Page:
O'Brien, William Vincent
O'BRIEN, WILLIAM VINCENT
Dominican priest; b. Dublin, Ireland, c. 1740; d. New York City, May 14, 1816. He became a Dominican at S. Clemente, Rome, apparently making his profession there in 1761. He completed at least part of his ecclesiastical training at the Dominican house of studies in Bologna, Italy, where he was ordained. For 17 years he preached in the Dublin area and he became preacher general of the Dominican Order. In 1787 he went to Philadelphia, Pennsylvania. While working there and in New Jersey, he supported the prefect apostolic, John carroll, against those who opposed the creation of a bishopric at Baltimore, Maryland. In October 1787 Carroll appointed him pastor of St. Peter's Church, Barclay Street, New York City. He organized and brought peace to that divided parish, and for 20 years he helped to keep order among Catholics in New York State. Under the auspices of Abp. Alfonso Núñez de Haro, O'Brien went to Mexico City, Mexico, about 1790, to raise funds for his church. He returned in 1792 with vestments, paintings, and money enough to install pews and erect a tower and portico. In 1800 he opened at St. Peter's the earliest free school and Catholic educational institution in New York State. During the yellow-fever epidemics of 1795 and 1798, O'Brien ministered to his people. Chronic illness forced his retirement in 1806, but he continued a limited ministry until the end of 1808.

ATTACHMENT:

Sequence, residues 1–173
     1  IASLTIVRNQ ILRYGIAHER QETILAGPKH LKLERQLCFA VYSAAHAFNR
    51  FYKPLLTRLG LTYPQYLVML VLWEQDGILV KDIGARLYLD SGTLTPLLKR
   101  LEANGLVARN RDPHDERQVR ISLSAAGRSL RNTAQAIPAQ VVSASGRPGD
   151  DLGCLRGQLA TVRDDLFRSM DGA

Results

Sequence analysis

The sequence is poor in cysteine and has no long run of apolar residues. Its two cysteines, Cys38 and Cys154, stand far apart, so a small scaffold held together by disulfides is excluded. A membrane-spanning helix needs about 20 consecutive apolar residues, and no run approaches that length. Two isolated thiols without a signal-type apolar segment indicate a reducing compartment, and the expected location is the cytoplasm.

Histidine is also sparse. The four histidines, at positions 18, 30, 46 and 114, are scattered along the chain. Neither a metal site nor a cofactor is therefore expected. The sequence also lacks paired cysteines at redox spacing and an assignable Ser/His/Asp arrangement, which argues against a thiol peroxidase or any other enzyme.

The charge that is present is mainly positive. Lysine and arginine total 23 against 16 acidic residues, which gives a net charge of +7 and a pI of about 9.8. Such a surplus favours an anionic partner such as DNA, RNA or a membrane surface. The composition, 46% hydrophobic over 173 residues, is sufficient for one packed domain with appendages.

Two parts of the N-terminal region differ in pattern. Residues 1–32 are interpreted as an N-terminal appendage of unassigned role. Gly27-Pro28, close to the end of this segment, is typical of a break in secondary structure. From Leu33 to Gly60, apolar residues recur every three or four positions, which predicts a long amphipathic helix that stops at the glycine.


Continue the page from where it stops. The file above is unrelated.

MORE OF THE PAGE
Bibliography: v. f. o'daniel, The Dominican Province of St. Joseph (New York 1942).
[w. a. hinnebusch]